BOISE — A federal lawsuit challenging Idaho’s ballot initiative process as unconstitutional because it requires signatures from multiple legislative districts has been dismissed, potentially clearing the way for lawmakers to make the initiative process much more difficult.
Chief U.S. District Court Judge David C. Nye on Monday ruled that Idaho’s ballot initiative process does not violate the Fourteenth Amendment’s equal protection clause on making sure voters are equally represented.
A 2019 attempt by lawmakers to expand the number of legislative districts where signatures must be collected failed when Republican Gov. Brad Little vetoed the legislation amid fears a lawsuit could be filed, and a federal court would end up dictating the state’s initiative process.
A spokesman for Idaho Farm Bureau Federation said his organization is pleased that the lawsuit was dismissed. Farm Bureau backed a recent effort that would have taken Idaho’s ballot initiative requirements a step further, expanding the number of districts in which signatures would have to be collected.
“Farm Bureau supports requiring signatures from multiple areas in multiple counties,” the spokesman said. “We think it’s unfair for people backing initiatives to go just to Boise or Nampa and collect all of their signatures. We think residents from throughout Idaho should have a say before it gets on the ballot.”
Lawmakers now, however, could interpret Nye’s ruling as favorable and possibly revisit the topic.
“It would seem that, just thinking out loud, you could do no worse than what we have right now,” said Republican House Speaker Scott Bedke when told of the ruling. “I don’t think that the rural parts of the state are adequately represented in the signature collecting process.”
Ryan Isbelle, in the lawsuit filed in early 2019, contended that a law passed in 2013 requiring signatures from 6% of voters in 18 legislative districts violated the equal protection clause because it gave more weight to voters in some districts.
Before 2013, ballot initiatives required signatures from 6% of statewide voters, meaning signature gatherers could concentrate in highly populated areas.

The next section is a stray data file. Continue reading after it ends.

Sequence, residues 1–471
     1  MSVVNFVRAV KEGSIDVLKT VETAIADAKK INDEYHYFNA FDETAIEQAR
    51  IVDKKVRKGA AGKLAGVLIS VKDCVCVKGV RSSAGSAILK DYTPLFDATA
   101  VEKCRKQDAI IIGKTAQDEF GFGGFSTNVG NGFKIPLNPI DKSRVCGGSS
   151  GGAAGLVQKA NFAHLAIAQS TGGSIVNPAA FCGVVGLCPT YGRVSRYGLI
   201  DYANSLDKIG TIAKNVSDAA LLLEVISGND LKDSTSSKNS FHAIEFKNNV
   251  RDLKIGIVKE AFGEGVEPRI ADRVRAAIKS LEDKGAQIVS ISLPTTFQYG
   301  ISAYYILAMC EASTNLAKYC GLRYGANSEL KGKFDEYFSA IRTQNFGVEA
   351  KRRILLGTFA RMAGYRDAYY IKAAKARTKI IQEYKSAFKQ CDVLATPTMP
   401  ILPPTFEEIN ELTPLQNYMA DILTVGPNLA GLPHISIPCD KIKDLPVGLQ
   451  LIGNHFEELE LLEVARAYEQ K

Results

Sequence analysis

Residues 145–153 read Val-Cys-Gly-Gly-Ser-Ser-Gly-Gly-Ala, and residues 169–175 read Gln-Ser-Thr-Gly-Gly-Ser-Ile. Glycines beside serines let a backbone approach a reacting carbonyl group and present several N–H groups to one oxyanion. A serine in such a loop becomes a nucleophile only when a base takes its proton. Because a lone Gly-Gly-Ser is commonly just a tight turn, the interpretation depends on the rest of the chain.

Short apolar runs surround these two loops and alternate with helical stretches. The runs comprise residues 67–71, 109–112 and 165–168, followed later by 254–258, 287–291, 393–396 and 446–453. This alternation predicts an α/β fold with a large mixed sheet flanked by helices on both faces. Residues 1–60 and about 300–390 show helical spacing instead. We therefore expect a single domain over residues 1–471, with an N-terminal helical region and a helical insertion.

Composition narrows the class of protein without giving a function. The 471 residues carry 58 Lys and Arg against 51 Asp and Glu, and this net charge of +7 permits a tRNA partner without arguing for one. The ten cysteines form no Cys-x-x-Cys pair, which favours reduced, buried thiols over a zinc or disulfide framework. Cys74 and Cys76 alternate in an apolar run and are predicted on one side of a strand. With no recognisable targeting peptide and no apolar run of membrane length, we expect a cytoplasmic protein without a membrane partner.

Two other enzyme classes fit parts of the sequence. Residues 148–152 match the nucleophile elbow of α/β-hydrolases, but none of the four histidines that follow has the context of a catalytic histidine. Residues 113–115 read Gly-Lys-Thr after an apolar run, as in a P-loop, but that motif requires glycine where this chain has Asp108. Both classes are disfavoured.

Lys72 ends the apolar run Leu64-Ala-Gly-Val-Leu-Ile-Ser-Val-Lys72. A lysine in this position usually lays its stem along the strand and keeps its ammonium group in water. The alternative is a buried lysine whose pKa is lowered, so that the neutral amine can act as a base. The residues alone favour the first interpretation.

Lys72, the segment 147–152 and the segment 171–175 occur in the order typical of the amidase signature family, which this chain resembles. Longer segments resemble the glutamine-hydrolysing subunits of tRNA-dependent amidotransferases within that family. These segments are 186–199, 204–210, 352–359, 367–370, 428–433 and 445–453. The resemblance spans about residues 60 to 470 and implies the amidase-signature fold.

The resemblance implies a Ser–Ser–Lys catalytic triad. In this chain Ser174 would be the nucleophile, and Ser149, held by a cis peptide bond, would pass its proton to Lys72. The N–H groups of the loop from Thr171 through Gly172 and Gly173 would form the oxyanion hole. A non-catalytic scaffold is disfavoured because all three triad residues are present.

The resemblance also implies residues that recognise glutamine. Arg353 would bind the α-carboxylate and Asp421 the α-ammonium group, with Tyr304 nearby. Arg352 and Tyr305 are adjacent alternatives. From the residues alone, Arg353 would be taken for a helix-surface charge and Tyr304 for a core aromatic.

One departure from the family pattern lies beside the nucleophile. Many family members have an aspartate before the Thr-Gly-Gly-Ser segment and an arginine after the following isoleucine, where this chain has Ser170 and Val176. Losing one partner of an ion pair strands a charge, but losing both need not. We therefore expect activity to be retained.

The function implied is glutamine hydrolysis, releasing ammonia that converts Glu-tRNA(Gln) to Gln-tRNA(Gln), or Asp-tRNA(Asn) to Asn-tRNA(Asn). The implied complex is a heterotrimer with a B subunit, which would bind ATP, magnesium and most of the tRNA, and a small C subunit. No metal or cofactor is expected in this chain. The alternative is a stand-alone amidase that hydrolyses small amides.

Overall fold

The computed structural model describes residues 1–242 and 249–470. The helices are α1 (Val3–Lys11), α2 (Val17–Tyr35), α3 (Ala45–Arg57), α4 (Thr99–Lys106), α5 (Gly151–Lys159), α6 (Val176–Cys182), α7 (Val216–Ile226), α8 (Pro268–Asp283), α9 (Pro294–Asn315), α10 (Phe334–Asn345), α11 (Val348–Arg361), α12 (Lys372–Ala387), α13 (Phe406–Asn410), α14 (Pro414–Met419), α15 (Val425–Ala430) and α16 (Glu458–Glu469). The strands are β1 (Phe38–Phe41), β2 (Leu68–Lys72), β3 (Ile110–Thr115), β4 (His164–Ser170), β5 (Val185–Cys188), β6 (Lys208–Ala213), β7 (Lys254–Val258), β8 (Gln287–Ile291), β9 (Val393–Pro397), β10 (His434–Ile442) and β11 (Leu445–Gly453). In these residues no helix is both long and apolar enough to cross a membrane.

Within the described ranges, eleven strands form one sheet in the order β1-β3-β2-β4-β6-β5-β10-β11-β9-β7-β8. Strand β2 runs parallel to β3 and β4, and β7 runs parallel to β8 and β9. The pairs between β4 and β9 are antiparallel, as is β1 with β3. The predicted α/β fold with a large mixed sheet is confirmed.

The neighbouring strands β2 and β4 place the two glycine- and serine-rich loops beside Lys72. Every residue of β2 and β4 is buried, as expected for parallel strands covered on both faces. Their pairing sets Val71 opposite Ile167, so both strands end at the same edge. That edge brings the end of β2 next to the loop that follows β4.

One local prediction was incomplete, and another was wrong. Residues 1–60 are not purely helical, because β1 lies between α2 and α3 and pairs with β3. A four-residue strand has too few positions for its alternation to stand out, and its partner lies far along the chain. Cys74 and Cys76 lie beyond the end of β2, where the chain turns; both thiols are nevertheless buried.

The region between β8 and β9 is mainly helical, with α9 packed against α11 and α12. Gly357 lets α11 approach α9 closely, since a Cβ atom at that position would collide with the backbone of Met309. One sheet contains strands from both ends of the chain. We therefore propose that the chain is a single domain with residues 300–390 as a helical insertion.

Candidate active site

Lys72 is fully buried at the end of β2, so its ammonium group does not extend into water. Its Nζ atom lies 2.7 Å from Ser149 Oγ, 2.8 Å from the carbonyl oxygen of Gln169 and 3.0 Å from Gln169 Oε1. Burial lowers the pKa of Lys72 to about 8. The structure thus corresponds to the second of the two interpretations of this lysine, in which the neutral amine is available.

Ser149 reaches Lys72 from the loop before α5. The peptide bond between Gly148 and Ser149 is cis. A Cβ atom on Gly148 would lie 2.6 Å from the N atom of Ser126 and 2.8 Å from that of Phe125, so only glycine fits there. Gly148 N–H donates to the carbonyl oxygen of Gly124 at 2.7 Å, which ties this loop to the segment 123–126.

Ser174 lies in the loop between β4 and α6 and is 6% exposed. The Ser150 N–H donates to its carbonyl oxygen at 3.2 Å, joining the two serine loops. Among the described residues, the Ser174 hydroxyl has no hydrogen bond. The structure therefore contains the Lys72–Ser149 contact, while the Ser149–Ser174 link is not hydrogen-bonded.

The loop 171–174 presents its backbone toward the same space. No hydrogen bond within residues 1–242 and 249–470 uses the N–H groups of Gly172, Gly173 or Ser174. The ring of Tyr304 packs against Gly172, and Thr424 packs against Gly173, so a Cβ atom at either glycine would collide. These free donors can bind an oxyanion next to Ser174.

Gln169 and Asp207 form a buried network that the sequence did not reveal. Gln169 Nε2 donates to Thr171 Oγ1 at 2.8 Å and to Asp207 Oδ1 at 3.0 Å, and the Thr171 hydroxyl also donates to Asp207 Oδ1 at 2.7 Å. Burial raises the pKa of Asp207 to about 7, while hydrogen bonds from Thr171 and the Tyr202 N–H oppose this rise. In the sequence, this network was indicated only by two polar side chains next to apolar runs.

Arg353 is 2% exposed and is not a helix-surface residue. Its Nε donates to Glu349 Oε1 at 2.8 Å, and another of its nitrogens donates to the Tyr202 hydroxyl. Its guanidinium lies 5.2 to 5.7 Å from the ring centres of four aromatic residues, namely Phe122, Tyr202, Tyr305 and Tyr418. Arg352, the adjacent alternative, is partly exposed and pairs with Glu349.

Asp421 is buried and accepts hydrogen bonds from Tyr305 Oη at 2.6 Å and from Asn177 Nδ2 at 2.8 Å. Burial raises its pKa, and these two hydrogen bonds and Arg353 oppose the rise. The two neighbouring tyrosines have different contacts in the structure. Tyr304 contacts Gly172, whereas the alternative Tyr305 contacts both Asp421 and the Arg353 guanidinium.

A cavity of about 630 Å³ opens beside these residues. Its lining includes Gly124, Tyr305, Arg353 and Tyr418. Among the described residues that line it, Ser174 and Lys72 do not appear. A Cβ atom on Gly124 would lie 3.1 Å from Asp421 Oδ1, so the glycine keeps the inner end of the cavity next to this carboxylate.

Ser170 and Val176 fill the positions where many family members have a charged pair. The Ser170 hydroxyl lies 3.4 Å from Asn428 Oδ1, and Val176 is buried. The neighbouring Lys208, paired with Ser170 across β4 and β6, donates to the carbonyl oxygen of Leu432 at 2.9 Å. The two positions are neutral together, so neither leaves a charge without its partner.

Nye in his ruling cited U.S. Supreme Court and 9th U.S. Circuit Court of Appeals precedent that says requiring signatures from legislative districts with equal populations is allowed.
“Yes, to a certain degree, some signatures may not ‘count’ in ultimately getting an initiative on the ballot,” Nye wrote, “but such a model does not violate a citizen’s constitutional rights, nor does it violate principles of fairness in voting.”
If the court were to strike down Idaho’s law, Nye wrote, “it would likely mean that those who wanted to place initiatives on the ballot would focus solely on the most populous areas of the state ... and leave less populous areas with little to no input on important issues.”
Isbelle, a beer delivery man in the Lewiston area who describes himself as a political junkie, said he didn’t know if he would appeal the ruling.
“I’m really demoralized today,” Isbelle said on Tuesday. “I just don’t understand the logic behind the ruling.”
Idaho Secretary of State Lawerence Denney was the defendant in the lawsuit. His chief deputy, Chad Houck, said the office was too busy with Tuesday’s primary and hadn’t had time to review the ruling and so couldn’t comment.
The ballot initiative process in Idaho has been among the most contentious issues in the state in recent years.
The 2013 change signed into law by then-Gov. C.L. “Butch” Otter, a Republican, came a few months after voters casting ballots on three initiatives rejected sweeping changes to the state’s education system lawmakers approved in 2011.
It was the first time in nearly 80 years that voters used the initiative process to overturn laws passed by elected leaders.
Making the ballot initiative process tougher in 2013, lawmakers said, would prevent initiative backers from getting all or most of the signatures they needed from population centers.
Idaho is a conservative state with a Republican-dominated Legislature, but urban areas tend to be less conservative than rural areas.
Voters again used the initiative process in 2018, this time passing Medicaid expansion with 61% of the vote after years of inaction by state lawmakers.
Lawmakers in the House and Senate responded in 2019 by passing legislation, despite hours of heated testimony opposing it, making the initiative process significantly more difficult by upping the number of signatures and legislative districts required. Opponents complained it gave a handful of rural legislative districts veto power over the ballot initiative process.
But Little vetoed the two bills, citing specifically his concern that a federal judge might declare the laws unconstitutional and force a new system on the state.
The Farm & Ranch staff contributed to this report.